End of Life is a term for the end of support for a hardware or software product and its patches, including security updates and customer service. When Windows XP reached End of Life, it was on 40% of the world’s computers. Today, Windows 7 runs on 70% of business computers. Planning ahead can save you money and headaches.
For an entire year following their July 29, 2015, announcement, Microsoft made Windows 10 available for free. It’s still possible to get the upgrade for free – Microsoft is continuing to offer a free upgrade to Windows 10 for those individuals who use assistive technology.
Whenever Microsoft does something like launch a new operating system, most people fall into one of two categories: early adopters and those who wait until the eleventh hour. If you’re an early adopter, this post isn’t about you. You’ve had your free upgrade for months now, and you’ve been humming along with your copy of Windows 10 without so much as a
Consider for a moment the phone on your desk. More than likely, your phone is identical to the phone on the desk of your cube neighbor, which is also identical to the phone that the company president uses. The same model of phone for each employee in an organization makes good business sense, both from a budgetary and usability perspective. Standardization is
If you’re a non-profit, you know the constant challenge of trying to maximize your budget in order to do the most good for the least cost. Administrative functions get close scrutiny in particular, and there is a lot of pressure to “make do” with older versions of hardware and software. But there’s good news: there are a number of ways you can
So – Windows 10 is here, and you’ve made the switch. There are likely some features of this new operating system that you like, and some that you don’t, as well as plenty of other features that you may not be aware of yet. One feature that has caught the attention of many (and has caused some concern) is the Wi-Fi Sense
Windows 10 is here. It’s available to download. And for the vast majority of users, it’s FREE. On July 29, 2015, Microsoft released Windows 10 to the general public. You may have seen the notification in your system tray in the weeks leading up to the launch date, and now it’s time to upgrade. Microsoft admits that “we got some things wrong”
The second Tuesday of every month is widely known in tech circles as Patch Tuesday, due to software giant Microsoft consistently releasing patches and fixes for their products at that time. The second Patch Tuesday of 2015, February 10, was a big one, with Microsoft releasing fixes for 41 vulnerabilities in Internet Explorer – especially since no patches were issued for IE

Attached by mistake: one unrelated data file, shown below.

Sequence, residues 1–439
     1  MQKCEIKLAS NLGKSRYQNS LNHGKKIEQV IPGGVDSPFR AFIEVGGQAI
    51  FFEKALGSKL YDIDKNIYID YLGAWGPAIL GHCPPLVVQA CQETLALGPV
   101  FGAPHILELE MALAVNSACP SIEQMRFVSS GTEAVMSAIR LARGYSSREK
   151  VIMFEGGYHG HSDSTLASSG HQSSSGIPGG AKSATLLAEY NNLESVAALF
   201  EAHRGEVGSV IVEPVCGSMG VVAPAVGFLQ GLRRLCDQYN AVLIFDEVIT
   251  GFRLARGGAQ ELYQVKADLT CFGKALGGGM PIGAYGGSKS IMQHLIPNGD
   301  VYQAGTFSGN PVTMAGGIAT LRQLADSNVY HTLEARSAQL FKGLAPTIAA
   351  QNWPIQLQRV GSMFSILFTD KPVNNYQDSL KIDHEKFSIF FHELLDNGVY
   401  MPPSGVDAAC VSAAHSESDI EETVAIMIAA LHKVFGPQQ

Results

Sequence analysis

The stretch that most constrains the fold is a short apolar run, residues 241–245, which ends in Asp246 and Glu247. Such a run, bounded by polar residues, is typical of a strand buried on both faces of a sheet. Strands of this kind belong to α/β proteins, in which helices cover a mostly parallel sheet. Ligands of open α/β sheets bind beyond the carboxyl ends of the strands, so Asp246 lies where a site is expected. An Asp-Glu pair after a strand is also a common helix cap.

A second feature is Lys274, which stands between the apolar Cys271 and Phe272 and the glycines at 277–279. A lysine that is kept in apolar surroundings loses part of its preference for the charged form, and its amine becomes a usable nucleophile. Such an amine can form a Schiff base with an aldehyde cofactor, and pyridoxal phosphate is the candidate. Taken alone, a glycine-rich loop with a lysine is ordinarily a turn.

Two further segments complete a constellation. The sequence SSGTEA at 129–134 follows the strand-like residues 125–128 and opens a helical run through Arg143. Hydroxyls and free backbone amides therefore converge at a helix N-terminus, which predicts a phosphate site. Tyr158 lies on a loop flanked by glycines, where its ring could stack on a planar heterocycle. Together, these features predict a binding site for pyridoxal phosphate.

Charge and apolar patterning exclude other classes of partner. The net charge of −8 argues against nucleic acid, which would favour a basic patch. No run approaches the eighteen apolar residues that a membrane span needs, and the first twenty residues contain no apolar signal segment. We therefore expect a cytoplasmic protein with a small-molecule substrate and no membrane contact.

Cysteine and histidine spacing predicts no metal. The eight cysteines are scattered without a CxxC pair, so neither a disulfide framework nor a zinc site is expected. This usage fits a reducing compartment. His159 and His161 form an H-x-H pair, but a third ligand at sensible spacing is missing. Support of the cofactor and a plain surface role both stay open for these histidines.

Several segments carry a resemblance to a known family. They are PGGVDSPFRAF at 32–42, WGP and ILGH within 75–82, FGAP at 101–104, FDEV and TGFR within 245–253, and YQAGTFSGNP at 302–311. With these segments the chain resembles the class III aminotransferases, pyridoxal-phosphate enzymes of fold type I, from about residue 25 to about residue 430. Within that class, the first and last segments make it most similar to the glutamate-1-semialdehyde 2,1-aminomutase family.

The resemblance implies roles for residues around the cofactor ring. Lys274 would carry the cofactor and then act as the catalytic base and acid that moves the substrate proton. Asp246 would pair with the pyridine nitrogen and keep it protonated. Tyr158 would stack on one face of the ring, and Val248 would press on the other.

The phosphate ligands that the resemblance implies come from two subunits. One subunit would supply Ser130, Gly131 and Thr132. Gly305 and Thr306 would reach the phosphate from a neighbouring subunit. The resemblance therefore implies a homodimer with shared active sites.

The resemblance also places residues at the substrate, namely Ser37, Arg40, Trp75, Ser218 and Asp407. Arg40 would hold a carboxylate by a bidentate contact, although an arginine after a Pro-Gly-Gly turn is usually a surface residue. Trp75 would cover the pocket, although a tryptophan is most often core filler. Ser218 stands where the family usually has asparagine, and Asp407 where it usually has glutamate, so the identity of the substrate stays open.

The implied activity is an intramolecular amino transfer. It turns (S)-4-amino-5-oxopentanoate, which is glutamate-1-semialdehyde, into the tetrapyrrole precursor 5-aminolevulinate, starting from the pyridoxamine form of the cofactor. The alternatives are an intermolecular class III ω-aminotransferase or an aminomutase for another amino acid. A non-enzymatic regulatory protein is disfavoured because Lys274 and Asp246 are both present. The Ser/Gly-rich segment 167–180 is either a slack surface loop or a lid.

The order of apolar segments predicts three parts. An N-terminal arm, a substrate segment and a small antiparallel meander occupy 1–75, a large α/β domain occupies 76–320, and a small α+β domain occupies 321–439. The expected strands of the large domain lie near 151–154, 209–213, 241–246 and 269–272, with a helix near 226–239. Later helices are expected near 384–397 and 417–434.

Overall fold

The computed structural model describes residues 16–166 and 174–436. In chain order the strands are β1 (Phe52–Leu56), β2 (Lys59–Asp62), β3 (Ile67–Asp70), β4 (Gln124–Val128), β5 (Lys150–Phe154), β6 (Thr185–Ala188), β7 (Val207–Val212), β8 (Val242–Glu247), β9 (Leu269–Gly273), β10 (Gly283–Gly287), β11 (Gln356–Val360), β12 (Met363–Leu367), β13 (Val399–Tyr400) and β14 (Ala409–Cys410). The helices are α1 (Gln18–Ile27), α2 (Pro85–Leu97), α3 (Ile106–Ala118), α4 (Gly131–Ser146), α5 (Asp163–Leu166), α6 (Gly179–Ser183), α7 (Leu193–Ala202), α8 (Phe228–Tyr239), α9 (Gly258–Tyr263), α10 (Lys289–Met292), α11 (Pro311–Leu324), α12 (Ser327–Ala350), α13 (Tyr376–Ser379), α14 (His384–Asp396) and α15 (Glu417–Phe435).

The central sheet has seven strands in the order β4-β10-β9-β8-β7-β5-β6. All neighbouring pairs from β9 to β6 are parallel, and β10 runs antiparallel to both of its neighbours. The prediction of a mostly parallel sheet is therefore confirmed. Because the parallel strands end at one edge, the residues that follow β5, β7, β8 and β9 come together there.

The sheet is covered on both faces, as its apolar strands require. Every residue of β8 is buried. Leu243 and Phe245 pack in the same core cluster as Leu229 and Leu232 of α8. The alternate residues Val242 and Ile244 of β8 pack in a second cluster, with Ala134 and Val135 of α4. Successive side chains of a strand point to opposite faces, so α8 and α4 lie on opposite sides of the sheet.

I recently received an email from a client asking if it was safe to use Internet Explorer (IE) again. If you recall, a fairly significant vulnerability was recently discovered in Internet Explorer, opening up millions of computers worldwide to the possibility of hacking and the installation of malware. Our client’s question is a good question, and I thought it might be a
If you haven’t heard by now, Microsoft is set to end support for the wildly popular XP operating system on April 8th. We’ve been talking about this end-of-life date here at Lieberman Technologies for a while now, and we’ve helped a number of businesses make the transition to a new operating system. If you’ve been putting off making the switch to a
Imagine taking each of your company’s computers and replacing them with machines that look similar but operate in such a different way that your staff has to relearn how to use them. Do you have time for your staff to be out of commission for as long as that would take? How quickly would you be able to get back up and
When Microsoft released Windows XP in 2001, no one could have predicted that it would still be in use in 2013. More amazing, it isn’t just still in use, it is extremely popular! How popular? Nearly 40% of the world’s estimated one billion computers run Windows XP. That’s a lot of computers running an operating system that’s over a decade old. Despite
The Windows operating system is so ubiquitous now that it’s hard to believe the technology is only 30 years old. From its most basic beginnings as a computing interface, the Windows operating system has changed the way the world works. What began as a very basic set of commands has evolved into a variety of functions available to the average user. But